Many years ago, I read an article that scorned the idea of the “debut novel.” The article said (and I’m paraphrasing since I read the article in the days before the Internet), “Why the pretentious title? Why not simply call it what it is? A first novel.” And I, a young naïve writer, thought, “Yes! Exactly! When I publish my first novel, I will call it just that: a first novel!”
Let’s skip ahead, oh ten or fifteen years or so: I have a novel coming out. My first novel. Or rather, shall we say, my first published novel. And I suddenly know where the phrase “debut novel” comes from.
My first novel to be published, MODERN GIRLS, is being released on April 5, 2016, by NAL/Penguin. I am beyond myself with excitement and joy. But I cannot kid myself. This is not my first novel. It’s not even my second novel. In my proverbial bottom drawer, I have a graveyard of novels. MODERN GIRLS is my debut novel.
Back in the 1990s, I earned an MFA in creative writing from the University of Washington. I was lucky enough to have Charles Johnson—winner of a MacArthur Fellowship and a National Book Award—as one of my professors. His classes were inspirational. The man taught me to outline, and for that alone, he will always be one of my most influential professors. But what has meant the most to me is something he said, long after I graduated, at the 2012 Modern Language Association conference. An interviewer said to Johnson, “You’ve written four novels,” at which point he interrupts her.
“I’ve written ten novels,” Johnson said. “I’ve published four.” This quote is printed in big fat letters and positioned in a place of honor over my writing desk.
Most of my novels have never seen the light of day. The one I wrote as my MFA thesis that was little more than loosely linked short stories, the one I wrote that was a mildly disguised version of my own life, the other one that was a mildly disguised version of my own life—those no one has read and no one will ever read. You could almost say those don’t count, except that they were valuable practice novels, the ones that taught me the skills I needed to convey emotion, build scenes, and create meaningful characters. My fourth novel I tentatively brought into the world, and it got me my wonderful agent, Laney Katz Becker. We labored on it for a couple of years, but alas, it didn’t sell.
Which leads me to MODERN GIRLS. Seems like every time I open Poets & Writers or Publishers Weekly, I read about an author who had an idea for a book, wrote it, and immediately got a three-book deal. More power to him. For me, though, it didn’t come easily. Writing is a labor of love, emphasis on labor. MODERN GIRLS took me three years to research and write and rewrite and rewrite some more, not counting all those years spent on the “practice” novels.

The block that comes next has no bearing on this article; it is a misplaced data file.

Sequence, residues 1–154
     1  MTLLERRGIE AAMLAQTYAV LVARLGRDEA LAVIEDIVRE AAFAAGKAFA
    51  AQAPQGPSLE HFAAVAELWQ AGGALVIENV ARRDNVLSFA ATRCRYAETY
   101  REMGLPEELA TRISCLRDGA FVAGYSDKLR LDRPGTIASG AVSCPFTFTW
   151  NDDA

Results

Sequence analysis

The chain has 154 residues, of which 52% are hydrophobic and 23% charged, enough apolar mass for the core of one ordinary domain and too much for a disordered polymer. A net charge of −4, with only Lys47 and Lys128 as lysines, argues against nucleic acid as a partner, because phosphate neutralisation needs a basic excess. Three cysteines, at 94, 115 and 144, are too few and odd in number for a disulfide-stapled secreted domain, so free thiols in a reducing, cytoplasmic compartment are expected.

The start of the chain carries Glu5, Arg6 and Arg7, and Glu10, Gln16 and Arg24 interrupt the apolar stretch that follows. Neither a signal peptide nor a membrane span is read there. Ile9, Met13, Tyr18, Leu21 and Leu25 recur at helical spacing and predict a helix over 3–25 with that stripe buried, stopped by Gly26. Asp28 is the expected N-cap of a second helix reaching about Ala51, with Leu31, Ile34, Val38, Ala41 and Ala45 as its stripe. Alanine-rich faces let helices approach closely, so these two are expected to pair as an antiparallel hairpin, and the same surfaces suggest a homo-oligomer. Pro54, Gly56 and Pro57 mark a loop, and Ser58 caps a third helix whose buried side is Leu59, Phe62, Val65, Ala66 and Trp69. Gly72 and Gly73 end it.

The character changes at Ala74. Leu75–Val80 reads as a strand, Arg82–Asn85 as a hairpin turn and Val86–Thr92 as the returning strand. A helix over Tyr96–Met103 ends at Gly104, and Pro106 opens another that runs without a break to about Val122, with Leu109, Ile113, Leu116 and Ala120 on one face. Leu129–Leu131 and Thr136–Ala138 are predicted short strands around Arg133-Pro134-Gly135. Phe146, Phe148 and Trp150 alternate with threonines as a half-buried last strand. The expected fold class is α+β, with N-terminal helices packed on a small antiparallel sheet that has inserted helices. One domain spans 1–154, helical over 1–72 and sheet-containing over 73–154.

The inspiration for my novel came from my own family. Hearing stories about my parents, my grandparents, and my great-grandparents sparked my imagination. I’m a third-generation American; my great-grandparents all immigrated in the early 1900s from Eastern Europe. I always wondered what their day-to-day life was like, how they made their decisions, what fueled them. When I learned that my own great-grandmother had an unwanted pregnancy during the Depression, immediately I toyed with the idea. How did a woman deal with an unplanned pregnancy? What were the consequences? My great-grandmother was married; what would it be like for an unmarried woman? I pondered this as the story for MODERN GIRLS unfurled, and I will confess that I stole shamelessly from my family’s stories, unabashedly appropriating them and reshaping them in ways that made sense for my characters. My novel touches on issues that I am most passionate about: the immigrant experience, reproductive rights, friendship between women, Jewish life, mother-daughter relationships.
Writing for me is something I’ve always done. I’ve been fortunate to have been employed as a writer and editor, as well as published short stories and creative nonfiction essays in literary journals along the way. But the novel is what entices me, what excites me. MODERN GIRLS is my fifth novel. It will be my first published novel. It’s also my debut novel. And I couldn’t be more proud.
I look forward to sharing this year with you, my year as a debut novelist with all the adventures that entails, here at The Debutante Ball.
Latest posts by Jennifer S. Brown (see all)
- The New Debs: Please Welcome the Class of 2017! - Saturday, September 3, 2016
- The Fat Lady’s Singing: The End of My Deb Year - Tuesday, August 30, 2016
- A Rock Star Year as a Debut Author - Tuesday, August 23, 2016
- Lisa Alber Talks Sophomore Slump, Genre, and What Makes Her Laugh (+ a Giveaway) - Saturday, August 20, 2016
- What You Should Be Reading - Tuesday, August 16, 2016